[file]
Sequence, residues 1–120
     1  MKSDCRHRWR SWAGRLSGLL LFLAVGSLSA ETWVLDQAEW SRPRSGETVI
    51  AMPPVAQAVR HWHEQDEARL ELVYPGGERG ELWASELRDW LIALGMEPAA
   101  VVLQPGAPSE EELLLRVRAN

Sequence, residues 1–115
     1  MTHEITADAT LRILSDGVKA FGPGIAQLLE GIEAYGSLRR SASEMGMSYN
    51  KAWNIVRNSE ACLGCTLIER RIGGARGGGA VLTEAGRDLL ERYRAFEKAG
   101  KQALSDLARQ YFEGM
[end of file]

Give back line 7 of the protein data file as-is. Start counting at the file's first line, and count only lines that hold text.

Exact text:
    51  KAWNIVRNSE ACLGCTLIER RIGGARGGGA VLTEAGRDLL ERYRAFEKAG